She showed a typical Trauma Reflex: a muscular holding pattern that occurs in response to an accident or injury. This is also the pattern of holding that creates scoliosis: a trauma at an early age (she broke her leg and was in a cast for months at age 9) can cause you to have to compensate until the injury heals. This leaves the waist muscles tighter on one side than the other and causes the ribcage to twist in compensation. The muscles, which attach to the spine, then pull the spine out of alignment during the growth spurt that occurs during adolescence.

After three sessions of learning to relax the muscles on the left side of her body - the waist, shoulder and rib muscles - including the muscles of her legs -  she stood up, able to breathe deeply for the first time in months. Under her shirt, her back looked similar to the photo on the right. The hips were hiked up and the ribcage twisted.

The nagging pain in her groin was greatly diminished. Methodically contracting, releasing and relaxing muscles to make them longer than before was easy. Anne and I worked together over the course of two months, reprogramming her movement and muscle control.  She wanted to make sure that when the new baby arrived she could deal with lifting, holding, and nursing.

Anne is doing really well; her baby is now two years old, and the pain she arrived in my office with is gone. She continues to do her Somatic Exercises whenever she gets a chance.

Pain Relief and Improved Breathing

I recently read an article about how slow yoga-like breathing has been shown to reduce pain. It shows children learning the techniques taught in yoga: slow, aware "belly breaths" that help to create a balance between the sympathetic (fight or flight response to stress) and parasympathetic nervous systems. This makes a ton of sense to me. I'm only a beginner in yoga, but I thoroughly enjoy the start of each class, in which we sit quietly and focus our awareness solely on our breath, or Prana. It's a moment of quiet, stillness and slowing down. Have you ever observed a baby breathing? As they inhale, the belly swells with each inhalation. A baby who breaths from the upper chest is one in distress. Most babies, thankfully, haven't yet learned to not relax. They haven't yet been told to hold in their stomach so they don't have a pot belly, or so they "support the back." They just do what comes naturally.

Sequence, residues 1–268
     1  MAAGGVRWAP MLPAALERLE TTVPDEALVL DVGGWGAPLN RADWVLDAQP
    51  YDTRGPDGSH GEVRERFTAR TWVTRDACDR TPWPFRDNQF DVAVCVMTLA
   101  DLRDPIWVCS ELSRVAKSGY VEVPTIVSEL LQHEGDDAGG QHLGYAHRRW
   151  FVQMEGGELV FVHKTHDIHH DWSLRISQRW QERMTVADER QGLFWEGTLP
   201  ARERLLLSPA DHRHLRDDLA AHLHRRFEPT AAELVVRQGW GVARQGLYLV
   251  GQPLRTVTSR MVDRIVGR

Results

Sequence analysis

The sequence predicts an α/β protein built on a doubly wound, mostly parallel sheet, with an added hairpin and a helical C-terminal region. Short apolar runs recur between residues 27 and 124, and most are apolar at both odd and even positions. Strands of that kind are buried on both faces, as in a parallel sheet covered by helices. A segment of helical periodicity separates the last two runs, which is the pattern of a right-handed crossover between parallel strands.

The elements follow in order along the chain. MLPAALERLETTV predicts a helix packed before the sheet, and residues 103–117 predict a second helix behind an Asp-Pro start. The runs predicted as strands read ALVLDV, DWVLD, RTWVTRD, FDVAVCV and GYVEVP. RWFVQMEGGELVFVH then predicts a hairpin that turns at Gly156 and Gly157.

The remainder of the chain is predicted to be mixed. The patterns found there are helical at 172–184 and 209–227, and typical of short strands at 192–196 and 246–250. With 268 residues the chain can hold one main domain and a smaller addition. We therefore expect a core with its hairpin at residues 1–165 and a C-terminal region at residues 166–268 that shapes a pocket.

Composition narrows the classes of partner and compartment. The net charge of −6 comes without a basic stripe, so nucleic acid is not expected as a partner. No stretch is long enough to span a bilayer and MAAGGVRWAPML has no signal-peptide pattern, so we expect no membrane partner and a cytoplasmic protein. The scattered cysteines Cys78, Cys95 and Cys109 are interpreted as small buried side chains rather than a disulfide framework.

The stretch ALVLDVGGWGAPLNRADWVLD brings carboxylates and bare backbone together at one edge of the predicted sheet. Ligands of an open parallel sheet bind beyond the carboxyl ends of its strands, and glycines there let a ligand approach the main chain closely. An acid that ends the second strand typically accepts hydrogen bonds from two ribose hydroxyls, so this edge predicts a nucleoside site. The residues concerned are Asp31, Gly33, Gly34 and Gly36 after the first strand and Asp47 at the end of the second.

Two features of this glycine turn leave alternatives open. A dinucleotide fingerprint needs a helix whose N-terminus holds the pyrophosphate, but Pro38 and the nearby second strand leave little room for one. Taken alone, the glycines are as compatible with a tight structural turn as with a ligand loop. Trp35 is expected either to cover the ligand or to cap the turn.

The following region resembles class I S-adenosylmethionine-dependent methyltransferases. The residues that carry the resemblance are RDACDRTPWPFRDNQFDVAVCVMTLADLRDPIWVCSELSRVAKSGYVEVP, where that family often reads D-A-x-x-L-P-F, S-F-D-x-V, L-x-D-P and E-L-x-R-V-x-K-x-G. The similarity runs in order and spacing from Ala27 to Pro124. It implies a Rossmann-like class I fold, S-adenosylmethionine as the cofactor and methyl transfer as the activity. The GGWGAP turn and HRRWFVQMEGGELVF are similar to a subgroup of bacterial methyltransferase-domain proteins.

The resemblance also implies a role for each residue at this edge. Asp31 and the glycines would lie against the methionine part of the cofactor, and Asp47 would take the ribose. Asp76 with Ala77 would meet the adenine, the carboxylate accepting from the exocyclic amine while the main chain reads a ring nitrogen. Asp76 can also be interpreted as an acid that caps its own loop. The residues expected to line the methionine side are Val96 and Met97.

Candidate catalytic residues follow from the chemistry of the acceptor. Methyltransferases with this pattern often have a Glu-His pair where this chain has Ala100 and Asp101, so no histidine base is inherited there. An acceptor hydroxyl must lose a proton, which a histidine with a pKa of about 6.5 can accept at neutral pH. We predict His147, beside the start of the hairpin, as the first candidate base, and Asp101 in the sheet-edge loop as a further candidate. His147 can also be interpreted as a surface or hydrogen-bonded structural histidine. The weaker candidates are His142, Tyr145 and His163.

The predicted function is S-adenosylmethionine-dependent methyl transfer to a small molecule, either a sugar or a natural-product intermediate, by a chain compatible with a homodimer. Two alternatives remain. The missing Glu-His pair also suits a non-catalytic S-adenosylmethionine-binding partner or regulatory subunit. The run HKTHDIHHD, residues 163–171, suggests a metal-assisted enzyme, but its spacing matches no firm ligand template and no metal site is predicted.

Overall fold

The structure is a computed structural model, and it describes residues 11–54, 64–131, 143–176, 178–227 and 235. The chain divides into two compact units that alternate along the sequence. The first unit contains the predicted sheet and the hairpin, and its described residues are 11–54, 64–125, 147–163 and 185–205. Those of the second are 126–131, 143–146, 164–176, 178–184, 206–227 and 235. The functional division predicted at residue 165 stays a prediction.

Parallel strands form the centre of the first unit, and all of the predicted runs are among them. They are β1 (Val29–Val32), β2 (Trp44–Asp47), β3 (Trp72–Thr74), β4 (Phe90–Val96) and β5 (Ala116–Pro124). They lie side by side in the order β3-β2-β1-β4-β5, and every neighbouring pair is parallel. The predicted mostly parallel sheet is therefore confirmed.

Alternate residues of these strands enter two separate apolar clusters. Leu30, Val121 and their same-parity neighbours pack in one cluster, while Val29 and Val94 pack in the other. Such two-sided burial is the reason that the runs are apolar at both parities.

Ideally here's what happens when you to take a full, deep breath: the diaphragm comes down and creates a vacuum in the upper chest, the viscera swell out slightly to help this happen, and the rectus abdominis muscle relaxes. If the diaphragm doesn’t descend, and the belly doesn't swell, it means that you're breathing shallowly. This in turn, affects your entire physiology - the brain, the heart, and the workings of your internal organs. This can adversely affects mood, energy, and all metabolic processes.

I have a lot of clients who have simply forgotten how to breathe properly. The real problem lies in their lack of awareness that they're not breathing as fully as they could or should. They come to me with back, neck, or shoulder pain and are unaware of the fact that their overly contracted abdominal muscles - often the result of their Red Light Reflex posture - is the source of their pain. Their abdominal muscles are so tight they are incapable of voluntarily relaxing them. It's as if they're waiting for the other shoe to drop, always on alert.  This Red Light Reflex causes one to tighten the belly, contract the shoulders, and collapse inward. It occurs in response to bad news, fear or anxiety and is a primal response that can save you from danger. You just don't want to get stuck in it!

When habituated, this posture leads to shallow breathing, which has been linked to higher rates of heart disease. Learning to gain control of the abdominal muscles, lengthen and relax "the core" of the body goes a long way toward relaxed, free and easy breathing and improved overall health.

Remember the phrase "the breath of life," and whenever you are able, remember to stop and inhale. Enjoy it.

To learn Somatic Movements that can help improve breathing, relax painful back muscles and increase flexibility, check out my Pain Relief Through Movement DVD!